A Connection between Sense of Beauty and Sense of Self

Neuroscience research connects sense of self & other with aesthetic experience.

Posted Sep 09, 2019

"It is a revenge the devil sometimes takes upon the virtuous, that he entraps them by the force of the very passion they have suppressed and think themselves superior to." —George Santayana

When we are truly moved by beauty, we drink up the experience at the core of our being. We feel it in our bones, in our guts, in our hearts, in our muscles, with trembling, with utter silence—and with an accompanying intellectual experience which has no rival. At its strongest, we can feel this experience transcendent, spiritual, or religious on cosmic as well as deeply personal levels, as bonding between soulmates, a parent and child, or the best of friends.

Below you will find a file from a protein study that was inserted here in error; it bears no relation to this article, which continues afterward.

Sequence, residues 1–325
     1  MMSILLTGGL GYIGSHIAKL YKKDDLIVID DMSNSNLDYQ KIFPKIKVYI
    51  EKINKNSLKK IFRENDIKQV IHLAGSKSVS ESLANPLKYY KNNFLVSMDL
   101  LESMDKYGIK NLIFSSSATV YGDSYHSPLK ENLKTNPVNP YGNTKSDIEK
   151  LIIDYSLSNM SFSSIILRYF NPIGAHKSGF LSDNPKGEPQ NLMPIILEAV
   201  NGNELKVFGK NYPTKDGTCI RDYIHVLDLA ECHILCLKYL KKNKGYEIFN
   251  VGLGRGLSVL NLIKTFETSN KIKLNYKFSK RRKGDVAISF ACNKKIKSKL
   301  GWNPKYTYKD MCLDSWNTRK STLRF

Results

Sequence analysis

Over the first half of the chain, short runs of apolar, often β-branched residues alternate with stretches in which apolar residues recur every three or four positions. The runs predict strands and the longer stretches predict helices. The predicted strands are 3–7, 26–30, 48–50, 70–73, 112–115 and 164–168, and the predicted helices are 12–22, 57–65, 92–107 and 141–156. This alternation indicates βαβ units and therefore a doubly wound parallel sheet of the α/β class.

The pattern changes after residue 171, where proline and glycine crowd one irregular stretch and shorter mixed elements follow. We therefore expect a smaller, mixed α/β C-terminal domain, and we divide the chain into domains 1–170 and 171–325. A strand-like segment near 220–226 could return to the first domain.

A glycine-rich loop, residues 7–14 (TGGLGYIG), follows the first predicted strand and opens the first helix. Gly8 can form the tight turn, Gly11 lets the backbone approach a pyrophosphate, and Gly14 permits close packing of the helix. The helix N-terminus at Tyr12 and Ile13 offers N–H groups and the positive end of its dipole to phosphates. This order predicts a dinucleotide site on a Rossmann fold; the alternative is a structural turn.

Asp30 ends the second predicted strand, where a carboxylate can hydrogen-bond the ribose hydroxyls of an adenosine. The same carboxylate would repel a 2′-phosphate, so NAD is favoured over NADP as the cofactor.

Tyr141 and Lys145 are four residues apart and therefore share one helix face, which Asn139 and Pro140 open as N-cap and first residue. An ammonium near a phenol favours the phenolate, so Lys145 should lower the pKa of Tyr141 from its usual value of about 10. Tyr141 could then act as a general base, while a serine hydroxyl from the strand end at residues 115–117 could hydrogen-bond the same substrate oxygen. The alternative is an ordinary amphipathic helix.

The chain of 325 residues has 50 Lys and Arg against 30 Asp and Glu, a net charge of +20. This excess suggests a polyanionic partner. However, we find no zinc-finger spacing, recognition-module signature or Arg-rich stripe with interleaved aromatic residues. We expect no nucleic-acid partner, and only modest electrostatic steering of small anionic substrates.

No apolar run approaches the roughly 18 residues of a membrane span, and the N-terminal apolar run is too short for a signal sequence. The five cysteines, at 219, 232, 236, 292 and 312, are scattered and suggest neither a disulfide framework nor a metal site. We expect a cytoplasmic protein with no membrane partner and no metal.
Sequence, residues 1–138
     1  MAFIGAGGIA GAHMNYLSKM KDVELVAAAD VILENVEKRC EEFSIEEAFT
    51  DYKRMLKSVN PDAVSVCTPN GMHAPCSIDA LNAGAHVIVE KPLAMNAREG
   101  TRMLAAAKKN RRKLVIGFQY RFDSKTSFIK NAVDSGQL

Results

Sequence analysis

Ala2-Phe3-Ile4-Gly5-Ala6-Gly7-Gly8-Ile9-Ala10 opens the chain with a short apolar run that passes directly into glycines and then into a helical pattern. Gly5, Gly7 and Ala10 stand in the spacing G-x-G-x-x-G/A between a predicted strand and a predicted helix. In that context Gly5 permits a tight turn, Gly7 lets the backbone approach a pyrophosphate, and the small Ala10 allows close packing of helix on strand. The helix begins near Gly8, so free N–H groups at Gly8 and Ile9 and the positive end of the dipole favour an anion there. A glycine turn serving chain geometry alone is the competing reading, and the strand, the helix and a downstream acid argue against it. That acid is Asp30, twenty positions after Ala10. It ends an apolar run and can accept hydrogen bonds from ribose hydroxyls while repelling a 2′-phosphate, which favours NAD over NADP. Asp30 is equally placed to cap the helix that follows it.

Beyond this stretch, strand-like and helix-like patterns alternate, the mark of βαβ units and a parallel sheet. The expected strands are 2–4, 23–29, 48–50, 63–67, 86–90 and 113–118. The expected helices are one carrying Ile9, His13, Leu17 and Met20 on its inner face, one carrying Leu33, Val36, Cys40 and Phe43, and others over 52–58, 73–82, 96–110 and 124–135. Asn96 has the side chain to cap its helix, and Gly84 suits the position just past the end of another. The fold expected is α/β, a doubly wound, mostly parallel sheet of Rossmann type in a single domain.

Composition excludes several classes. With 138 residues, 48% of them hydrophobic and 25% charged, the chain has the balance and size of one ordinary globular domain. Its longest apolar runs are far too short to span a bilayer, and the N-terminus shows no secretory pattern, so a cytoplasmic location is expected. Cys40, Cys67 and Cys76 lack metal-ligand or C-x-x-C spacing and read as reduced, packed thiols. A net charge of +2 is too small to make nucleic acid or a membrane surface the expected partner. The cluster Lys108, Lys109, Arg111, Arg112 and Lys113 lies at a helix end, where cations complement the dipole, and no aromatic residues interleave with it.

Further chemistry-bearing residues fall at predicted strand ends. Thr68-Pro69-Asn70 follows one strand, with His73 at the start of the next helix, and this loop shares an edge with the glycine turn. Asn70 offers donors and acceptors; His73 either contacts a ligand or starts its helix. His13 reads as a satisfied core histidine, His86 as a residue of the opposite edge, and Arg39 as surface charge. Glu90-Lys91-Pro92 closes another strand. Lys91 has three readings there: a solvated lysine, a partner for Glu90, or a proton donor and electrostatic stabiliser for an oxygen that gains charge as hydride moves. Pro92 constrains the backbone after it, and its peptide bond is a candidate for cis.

Tomwsulcer/WikiMedia Commons
Source: Tomwsulcer/WikiMedia Commons

Aesthetic Experiences Make Us Who We Are

Prior research on the neurobiology of beauty has been directed at identifying which brain areas and brain networks may be involved. From a neuroscientific perspective, there are several important areas of interest, as researchers Vessel and colleagues (2019), whose recent work is reported below, discuss.

How does the brain construct visual aesthetic experiences, or music versus visual art, or architecture versus landscape? How does the brain distinguish the general experience of aesthetic appreciation from different kinds of beautiful imagery?